I am

a kite,

I fly through

the singing air. I am

a diamond, shining under

a sky of invisible stars. The wind

is like a mother to me,

helping me to fly

and guiding

me back

home.

 

Notice that in line 5, where I have added two words from the line below, I have shown where the line finishes by a full stop, to also show where the next line begins. You could also put in a comma.

When you have your shape right, all you have to do is draw a diamond on an A5 sheet of paper or card. You could do it on A4 if your have a lot of words and are worried about fitting them in!

How to draw a diamond shape! Measure and mark half way along the top and bottom of your paper, and half way down each side.

Join the marks with a ruler and pencil!

Then cut the kite out and place it on another piece of plain paper. Use the kite as a template to draw around.

Draw a line across the middle of your rough paper kite and then, again roughly, divide each half with 5 lines. You may need an adult to help with this. Then write your poem in on your rough piece of paper. Work out how to write the lines to fit your kite properly. It might take a while to do this! You may need to change where some of the words go. Don’t worry, you can’t get it wrong, as long as all your poem is on your kite!

Then put your kite next to the rough copy and copy your poem across. Notice I have tried out two pens to see which one would be the right thickness to write my poem in. I wrote the poem on the good kite in pencil again to guide my pen words. Then I rubbed out the pencil when it was dry.

Then it is time to add a tail to the kite. I had an old pipe-cleaner which I twisted into a spiral, but you can use lengths of ribbon, coloured string, wool, anything that looks like a kite tail and which you can attach to your kite! I attached the pipe-cleaner with sticky tape and then a staple.

Then a made a tiny bow from parcel ribbon to put on top of the staple – you could use wool or string or even cut out a bow out of magazine paper or coloured paper to stick there – but make sure it will not hide any of your words.

Thread a thick needle with some string, wool, embroidery thread or ribbon, knot the end and push it through near the edge (not too near the edge!) of your kite, a little way down the top side of the kite, either on the right or left. I put my hole between the third and fourth lines. This means your kite will hang at a jaunty angle.

And then you can hang it up!

Hope you enjoy yourself!

I am so pleased to say that red bubble at Farfield School, @SchoolFarfield have written some wonderful poems by following this idea! Look here they are, flying high!

Posted in Poetry Art and Craft

Words Grow on Trees – Art and Poetry Idea from Sue Hardy-Dawson

Yay! I’m very happy to have a guest art and poetry blog post here from the lovely Sue Hardy-Dawson!

Words Grow on Trees

Why not write and decorate your own word tree? Here’s how:

First of all you might start with a list of tree related words – I sometimes write my list as a mind map.

I have put a few ideas in mine, I bet you can think of lots more things the parts of the tree look, feel, sound and smell like.

I started mine with, ‘Words grow on trees’, because we’re making a word tree. Also when I was small and used to ask for more of my share of something grownups often used to say ‘Do you think they grow on trees?’ which if it was new shoes or a biscuit I thought was funny.

The first verse is about the roots. You will have different ideas so your roots will be made of different things.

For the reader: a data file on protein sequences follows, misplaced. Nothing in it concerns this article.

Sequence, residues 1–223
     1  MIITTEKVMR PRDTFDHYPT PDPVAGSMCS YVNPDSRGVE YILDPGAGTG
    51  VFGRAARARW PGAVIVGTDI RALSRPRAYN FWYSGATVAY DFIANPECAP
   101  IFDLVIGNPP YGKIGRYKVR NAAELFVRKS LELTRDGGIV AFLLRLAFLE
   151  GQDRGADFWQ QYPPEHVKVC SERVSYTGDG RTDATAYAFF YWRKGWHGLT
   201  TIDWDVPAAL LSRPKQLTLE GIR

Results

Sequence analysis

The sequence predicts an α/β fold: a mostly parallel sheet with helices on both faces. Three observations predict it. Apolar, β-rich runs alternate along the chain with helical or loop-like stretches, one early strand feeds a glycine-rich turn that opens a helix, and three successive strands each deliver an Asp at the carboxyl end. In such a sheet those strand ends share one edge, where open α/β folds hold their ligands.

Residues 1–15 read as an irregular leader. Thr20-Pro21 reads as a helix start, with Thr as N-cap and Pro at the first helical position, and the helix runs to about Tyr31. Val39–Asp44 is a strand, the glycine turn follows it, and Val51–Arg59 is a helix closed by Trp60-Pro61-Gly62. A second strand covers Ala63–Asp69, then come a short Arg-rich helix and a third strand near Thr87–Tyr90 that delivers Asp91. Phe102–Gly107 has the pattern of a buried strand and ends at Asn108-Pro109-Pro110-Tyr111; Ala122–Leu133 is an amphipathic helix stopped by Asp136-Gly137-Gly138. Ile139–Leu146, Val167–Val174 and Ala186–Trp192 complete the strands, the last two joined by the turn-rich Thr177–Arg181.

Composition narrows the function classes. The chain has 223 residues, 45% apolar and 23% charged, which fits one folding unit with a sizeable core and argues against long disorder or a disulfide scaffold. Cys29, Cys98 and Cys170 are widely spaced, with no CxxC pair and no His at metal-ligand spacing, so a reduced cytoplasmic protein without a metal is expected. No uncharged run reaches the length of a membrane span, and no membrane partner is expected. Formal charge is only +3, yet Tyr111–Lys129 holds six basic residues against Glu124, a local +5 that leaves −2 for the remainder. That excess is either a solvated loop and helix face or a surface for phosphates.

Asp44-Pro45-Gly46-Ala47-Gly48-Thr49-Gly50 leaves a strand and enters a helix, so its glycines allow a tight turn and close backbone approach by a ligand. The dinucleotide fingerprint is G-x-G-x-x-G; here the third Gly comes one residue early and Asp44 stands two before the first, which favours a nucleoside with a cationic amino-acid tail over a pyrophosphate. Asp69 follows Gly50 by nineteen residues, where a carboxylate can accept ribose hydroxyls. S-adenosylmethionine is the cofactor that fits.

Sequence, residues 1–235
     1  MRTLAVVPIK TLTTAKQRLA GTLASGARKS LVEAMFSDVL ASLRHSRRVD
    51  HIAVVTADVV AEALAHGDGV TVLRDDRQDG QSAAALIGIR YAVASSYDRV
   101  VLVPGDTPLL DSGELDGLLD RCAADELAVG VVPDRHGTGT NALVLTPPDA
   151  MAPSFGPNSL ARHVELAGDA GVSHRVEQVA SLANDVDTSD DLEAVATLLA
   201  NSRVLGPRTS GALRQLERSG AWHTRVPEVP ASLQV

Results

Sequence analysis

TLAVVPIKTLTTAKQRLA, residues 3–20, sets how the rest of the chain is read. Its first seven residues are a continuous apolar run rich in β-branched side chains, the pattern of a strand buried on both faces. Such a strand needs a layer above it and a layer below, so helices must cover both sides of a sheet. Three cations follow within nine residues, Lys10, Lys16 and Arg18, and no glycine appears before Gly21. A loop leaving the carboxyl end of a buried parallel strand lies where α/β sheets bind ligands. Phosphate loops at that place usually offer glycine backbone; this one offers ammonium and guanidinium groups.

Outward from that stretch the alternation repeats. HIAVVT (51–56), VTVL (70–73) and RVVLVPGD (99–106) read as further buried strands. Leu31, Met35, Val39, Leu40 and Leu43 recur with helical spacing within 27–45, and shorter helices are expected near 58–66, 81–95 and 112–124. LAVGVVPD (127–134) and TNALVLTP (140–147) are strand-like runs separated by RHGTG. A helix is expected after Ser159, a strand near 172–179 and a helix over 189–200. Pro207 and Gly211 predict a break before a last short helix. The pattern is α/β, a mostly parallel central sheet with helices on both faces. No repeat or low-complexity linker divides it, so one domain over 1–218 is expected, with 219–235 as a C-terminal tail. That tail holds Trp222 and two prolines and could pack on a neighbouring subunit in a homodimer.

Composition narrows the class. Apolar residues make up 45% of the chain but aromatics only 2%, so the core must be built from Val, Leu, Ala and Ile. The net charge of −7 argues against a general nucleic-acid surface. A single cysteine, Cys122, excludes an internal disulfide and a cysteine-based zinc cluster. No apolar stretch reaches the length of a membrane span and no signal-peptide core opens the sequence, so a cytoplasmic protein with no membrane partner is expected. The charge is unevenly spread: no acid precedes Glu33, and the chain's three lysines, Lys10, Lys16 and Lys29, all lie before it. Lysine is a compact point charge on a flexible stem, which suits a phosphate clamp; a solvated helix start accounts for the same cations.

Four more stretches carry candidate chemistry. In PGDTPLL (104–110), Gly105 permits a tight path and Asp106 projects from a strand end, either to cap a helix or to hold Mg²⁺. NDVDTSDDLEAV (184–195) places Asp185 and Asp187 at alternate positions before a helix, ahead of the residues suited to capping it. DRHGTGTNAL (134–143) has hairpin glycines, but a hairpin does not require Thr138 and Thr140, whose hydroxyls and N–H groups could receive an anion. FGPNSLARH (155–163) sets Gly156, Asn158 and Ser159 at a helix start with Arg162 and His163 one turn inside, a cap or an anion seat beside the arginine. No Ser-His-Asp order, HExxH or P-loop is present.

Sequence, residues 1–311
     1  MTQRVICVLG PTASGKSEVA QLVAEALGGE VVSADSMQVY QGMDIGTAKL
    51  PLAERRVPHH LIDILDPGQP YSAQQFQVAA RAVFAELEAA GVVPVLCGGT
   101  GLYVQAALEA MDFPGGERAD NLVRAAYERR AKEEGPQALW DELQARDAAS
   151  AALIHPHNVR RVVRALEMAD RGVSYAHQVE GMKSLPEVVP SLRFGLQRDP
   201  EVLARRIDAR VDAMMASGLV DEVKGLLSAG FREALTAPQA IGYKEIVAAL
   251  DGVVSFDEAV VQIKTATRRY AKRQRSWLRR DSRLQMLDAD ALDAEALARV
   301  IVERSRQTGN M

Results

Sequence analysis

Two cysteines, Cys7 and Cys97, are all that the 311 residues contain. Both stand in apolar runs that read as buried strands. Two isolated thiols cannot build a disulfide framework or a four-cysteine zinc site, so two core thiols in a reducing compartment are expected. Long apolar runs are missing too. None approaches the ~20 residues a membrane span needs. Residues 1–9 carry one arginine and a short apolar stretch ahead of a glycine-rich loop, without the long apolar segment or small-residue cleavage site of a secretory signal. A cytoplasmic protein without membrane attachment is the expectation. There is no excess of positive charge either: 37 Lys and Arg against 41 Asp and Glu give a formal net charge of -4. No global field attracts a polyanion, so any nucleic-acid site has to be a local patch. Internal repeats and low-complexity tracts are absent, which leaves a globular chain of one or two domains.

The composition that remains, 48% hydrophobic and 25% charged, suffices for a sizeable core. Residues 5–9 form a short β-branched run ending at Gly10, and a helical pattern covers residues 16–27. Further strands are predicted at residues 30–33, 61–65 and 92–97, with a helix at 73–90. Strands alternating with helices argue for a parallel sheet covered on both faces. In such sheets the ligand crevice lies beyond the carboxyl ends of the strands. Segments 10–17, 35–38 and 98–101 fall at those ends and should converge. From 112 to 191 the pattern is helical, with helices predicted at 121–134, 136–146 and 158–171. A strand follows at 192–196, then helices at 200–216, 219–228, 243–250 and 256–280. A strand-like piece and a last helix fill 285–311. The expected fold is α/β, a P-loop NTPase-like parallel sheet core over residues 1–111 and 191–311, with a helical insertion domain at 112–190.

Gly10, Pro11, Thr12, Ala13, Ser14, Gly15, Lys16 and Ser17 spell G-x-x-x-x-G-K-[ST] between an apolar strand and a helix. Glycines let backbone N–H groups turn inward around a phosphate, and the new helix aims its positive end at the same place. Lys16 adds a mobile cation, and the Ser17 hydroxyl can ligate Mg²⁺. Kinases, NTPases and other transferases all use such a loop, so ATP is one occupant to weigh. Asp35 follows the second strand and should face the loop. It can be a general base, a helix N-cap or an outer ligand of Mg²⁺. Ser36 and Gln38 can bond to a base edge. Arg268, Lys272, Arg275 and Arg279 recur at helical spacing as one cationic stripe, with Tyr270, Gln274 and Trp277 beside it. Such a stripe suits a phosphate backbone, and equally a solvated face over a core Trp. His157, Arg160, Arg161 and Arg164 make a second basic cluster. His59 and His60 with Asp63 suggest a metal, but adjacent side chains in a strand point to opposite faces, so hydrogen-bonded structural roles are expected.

Words grow on trees

from knotted roots

like coiled ropes

round ancient bones.

 

The next verse is about the trunk, I thought about the texture, things it reminded me of.

 

My tree has a fat trunk

bark, leathery and cracked

as elephant skin.

 

The next verse is about the branches, I thought about them being held up to the sky like arms, you will have your own ideas.

 

Long, strong branches

that can hold the moon.

 

The last verse is about the leaves. Mine are spring leaves, soft, green and new but yours might be autumn leaves and different colours or thick dark shady ones. I wanted my poem to end with words as it was a word tree and I thought about trees whispering words. Again it’s your poem so there are no wrong ideas.

 

Spring brings new buds

of soft green leaves

everyone of them soon

whispering different words.

 

Once you have written your poem, you are ready to make your word tree. Here’s my finished poem and this is what you do next.

 

Words Grow on Trees

 

Words grow on trees

from knotted roots

like coiled ropes

round ancient bones.

 

My tree has a fat trunk,

bark, leathery and cracked

as elephant skin.

 

Long, strong branches

that can hold the moon.

 

Spring brings new buds

of soft green leaves.

Everyone of them soon

whispering different words.

 

So here’s how to write out your poem, in the shape of a tree, starting with the roots at the bottom, so you read it up instead of down. It’s probably easier to show you so here is a picture:

Now the really good thing about trees is that you can’t really go wrong, so if as I did you have a word that sticks out it just looks like a twig. Basically, as long as it’s sort of thin in the middle, is wider at the root and has some branches it’s going to look like a tree.

Once you have written your poem in a tree shape, you are ready to put the leaves on. You could just draw them of course but I did mine with finger prints in paint. It works best with two or more colours and I would suggest you have another spare sheet of paper nearby to dab your finger on first so it’s not too thick and drippy.

Here’s how I built mine up:

So here’s my tree and I think it looks quite nice like that and of course you might just want to leave it there.

However I thought it might be even nicer to cut it out and stick it onto a different colour background and add some grass and other bits. So that’s what I did with mine and here it is:

© Sue Hardy-Dawson

Thank you so much Sue for that fabulous idea!